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works with gene-editing technology and treats children with blood disorders and cancers. “I am very enthusiastic about this first step towards bringing what are now complicated cell and gene-based therapies to a much broader population.”
What Adair and her coauthors describe in their paper is a system that deploys lentiviruses to insert into HSCs a healthy copy of a gene. Lentiviral gene therapy is also the technology that Bluebird Bio (NASDAQ: BLUE) is using in three clinical studies to genetically alter the HSCs of patients with sickle cell disease, beta-thalassemia, and adrenoleukodystrophy. Bluebird recently said it had changed some manufacturing processes without having to re-do clinical trials, as some observers had worried could happen.
Bluebird officials could not be reached for comment about the benchtop system. Sorrentino of St. Jude called the Prodigy box a potential “competing model for companies now commercializing gene therapy.”
Many academic and for-profit researchers are also using gene editing, especially the widespread CRISPR-Cas9 system, to alter genes in HSCs and develop treatments. Adair says the “gene therapy in a box” could be used with CRISPR-Cas9, too. But in some cases, the Prodigy box wouldn’t be ready as is. One popular way to get the “scissors” of CRISPR-Cas9 into cells to make their cuts is by zapping the cells with electricity—a process called electroporation. The Prodigy box would have to be modified to attach to an electroporator, but Adair says the system is built to accommodate additional hardware and software (or as she puts it, “a choose-your-own-adventure”).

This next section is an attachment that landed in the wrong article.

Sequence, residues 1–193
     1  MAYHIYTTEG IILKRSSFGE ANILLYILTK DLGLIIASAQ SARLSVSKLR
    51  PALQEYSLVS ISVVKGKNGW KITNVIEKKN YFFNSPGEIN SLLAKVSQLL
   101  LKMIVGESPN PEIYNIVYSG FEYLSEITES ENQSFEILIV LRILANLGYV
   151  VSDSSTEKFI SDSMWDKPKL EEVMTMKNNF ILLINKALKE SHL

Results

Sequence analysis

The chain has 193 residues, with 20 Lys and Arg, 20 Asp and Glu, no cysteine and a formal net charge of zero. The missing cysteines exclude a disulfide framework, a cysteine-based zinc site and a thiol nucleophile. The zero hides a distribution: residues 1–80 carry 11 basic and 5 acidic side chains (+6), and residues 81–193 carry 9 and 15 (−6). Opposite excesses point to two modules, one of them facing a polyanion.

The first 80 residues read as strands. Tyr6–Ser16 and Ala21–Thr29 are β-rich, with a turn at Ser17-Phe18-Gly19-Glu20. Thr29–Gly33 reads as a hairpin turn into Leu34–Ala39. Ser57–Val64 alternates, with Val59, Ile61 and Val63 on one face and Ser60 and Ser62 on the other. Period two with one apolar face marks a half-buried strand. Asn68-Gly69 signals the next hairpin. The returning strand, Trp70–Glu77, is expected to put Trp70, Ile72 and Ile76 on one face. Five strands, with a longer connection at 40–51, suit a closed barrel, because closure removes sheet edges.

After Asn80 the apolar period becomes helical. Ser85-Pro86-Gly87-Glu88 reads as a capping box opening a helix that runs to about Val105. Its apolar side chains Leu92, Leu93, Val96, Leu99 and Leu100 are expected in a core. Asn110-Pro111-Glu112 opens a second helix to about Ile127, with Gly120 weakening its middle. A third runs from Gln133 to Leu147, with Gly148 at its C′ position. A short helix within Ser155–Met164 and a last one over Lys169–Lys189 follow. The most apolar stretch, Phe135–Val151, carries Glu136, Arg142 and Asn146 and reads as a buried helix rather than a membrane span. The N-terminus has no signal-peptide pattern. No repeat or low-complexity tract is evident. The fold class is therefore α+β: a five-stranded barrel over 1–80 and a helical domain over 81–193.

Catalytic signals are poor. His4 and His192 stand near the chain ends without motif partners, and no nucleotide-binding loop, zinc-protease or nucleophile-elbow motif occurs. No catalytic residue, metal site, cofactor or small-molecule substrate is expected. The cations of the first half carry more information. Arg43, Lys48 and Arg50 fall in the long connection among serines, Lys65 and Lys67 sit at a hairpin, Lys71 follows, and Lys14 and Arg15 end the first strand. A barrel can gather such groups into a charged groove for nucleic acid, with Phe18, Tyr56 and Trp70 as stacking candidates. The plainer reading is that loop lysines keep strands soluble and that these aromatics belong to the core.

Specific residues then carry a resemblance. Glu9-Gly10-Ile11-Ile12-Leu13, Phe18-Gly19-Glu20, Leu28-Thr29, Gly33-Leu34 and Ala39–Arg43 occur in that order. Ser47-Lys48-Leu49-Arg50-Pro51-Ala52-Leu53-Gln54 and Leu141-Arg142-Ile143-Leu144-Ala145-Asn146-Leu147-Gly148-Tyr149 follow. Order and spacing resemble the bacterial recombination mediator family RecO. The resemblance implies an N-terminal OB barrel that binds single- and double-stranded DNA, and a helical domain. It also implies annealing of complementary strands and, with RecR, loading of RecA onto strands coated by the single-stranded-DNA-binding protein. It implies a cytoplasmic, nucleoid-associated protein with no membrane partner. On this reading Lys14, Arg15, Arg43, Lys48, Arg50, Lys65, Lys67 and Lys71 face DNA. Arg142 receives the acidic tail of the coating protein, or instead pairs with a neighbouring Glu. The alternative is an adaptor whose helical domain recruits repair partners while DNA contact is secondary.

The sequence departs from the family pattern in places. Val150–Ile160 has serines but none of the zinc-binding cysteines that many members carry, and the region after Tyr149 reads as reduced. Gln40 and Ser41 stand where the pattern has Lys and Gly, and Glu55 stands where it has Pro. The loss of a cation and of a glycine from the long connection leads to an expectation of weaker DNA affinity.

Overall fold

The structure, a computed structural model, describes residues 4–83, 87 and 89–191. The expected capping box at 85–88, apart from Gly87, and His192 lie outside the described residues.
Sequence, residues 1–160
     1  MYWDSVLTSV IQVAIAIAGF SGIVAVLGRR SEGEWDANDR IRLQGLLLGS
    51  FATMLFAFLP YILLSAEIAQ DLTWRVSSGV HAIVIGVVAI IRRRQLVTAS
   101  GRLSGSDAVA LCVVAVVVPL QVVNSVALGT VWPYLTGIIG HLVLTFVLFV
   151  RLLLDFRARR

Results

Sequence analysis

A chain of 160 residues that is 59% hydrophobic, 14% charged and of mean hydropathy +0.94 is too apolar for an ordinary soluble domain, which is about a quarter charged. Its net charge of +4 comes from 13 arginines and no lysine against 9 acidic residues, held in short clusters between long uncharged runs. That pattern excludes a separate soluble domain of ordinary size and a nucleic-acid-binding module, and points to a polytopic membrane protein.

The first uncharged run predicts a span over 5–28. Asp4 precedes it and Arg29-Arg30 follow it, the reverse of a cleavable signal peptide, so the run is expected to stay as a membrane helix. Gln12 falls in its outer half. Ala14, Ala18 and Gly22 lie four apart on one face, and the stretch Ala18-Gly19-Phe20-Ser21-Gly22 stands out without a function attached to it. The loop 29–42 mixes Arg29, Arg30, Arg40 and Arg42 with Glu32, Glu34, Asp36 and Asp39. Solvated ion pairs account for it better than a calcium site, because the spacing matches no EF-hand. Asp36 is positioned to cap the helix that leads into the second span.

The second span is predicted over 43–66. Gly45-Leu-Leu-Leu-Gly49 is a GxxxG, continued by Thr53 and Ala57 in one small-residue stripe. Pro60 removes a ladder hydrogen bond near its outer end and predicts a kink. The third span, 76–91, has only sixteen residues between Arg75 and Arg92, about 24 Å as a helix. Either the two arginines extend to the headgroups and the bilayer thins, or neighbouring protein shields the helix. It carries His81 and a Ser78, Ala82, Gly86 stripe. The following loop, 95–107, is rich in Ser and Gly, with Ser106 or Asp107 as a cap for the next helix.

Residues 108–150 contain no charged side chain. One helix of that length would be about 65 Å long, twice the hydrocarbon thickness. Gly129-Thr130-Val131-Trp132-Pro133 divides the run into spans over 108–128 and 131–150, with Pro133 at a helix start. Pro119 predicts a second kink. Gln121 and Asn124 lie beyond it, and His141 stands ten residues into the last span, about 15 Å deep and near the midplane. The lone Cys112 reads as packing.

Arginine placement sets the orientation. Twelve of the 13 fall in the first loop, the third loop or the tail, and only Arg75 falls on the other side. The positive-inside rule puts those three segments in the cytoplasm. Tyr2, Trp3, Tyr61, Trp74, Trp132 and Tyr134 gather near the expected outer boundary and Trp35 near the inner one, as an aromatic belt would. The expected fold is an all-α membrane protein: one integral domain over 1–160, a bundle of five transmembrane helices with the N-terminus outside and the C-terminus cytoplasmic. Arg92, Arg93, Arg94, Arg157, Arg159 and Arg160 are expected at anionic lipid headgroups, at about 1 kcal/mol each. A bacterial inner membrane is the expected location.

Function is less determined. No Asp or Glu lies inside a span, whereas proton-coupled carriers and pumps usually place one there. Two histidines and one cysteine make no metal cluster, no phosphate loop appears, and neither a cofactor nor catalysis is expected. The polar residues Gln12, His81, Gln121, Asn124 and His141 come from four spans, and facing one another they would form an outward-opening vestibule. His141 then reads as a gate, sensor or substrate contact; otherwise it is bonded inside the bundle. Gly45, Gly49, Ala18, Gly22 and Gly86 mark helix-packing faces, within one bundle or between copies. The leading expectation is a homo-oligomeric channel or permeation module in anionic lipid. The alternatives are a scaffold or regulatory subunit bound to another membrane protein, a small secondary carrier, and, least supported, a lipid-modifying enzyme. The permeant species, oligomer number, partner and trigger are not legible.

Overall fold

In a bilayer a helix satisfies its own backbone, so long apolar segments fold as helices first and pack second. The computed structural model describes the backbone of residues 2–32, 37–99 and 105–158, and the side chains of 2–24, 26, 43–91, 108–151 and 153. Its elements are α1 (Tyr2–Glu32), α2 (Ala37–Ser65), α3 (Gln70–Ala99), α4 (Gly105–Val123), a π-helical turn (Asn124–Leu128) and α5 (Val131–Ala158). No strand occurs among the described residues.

There are other improvements to make. Adair’s Prodigy tests showed less success with stem cells collected directly from bone marrow, which is no surprise. They are more difficult to genetically modify and transplant than stem cells that have been collected from circulating blood. (Patients can be given drugs to chase, or “mobilize” stem cells out into the circulating blood, but for some diseases and some patients, mobilization isn’t an option.) Adair says changes to the machine’s software and to the chemicals used for the gene modification should help the system’s performance with bone marrow cells.
Another hurdle is intellectual property. Adair’s employer Fred Hutch, as the center is known, and Miltenyi are in dispute over the rights to the software program, Adair says. With a resolution, and with a successful first trial in Fanconi anemia, Adair says she thinks companies will adopt the Prodigy system. But ideally, she says, “I’d love to make this readily available to everyone. If this is in hands of graduate students all over the country, the possibilities are endless.”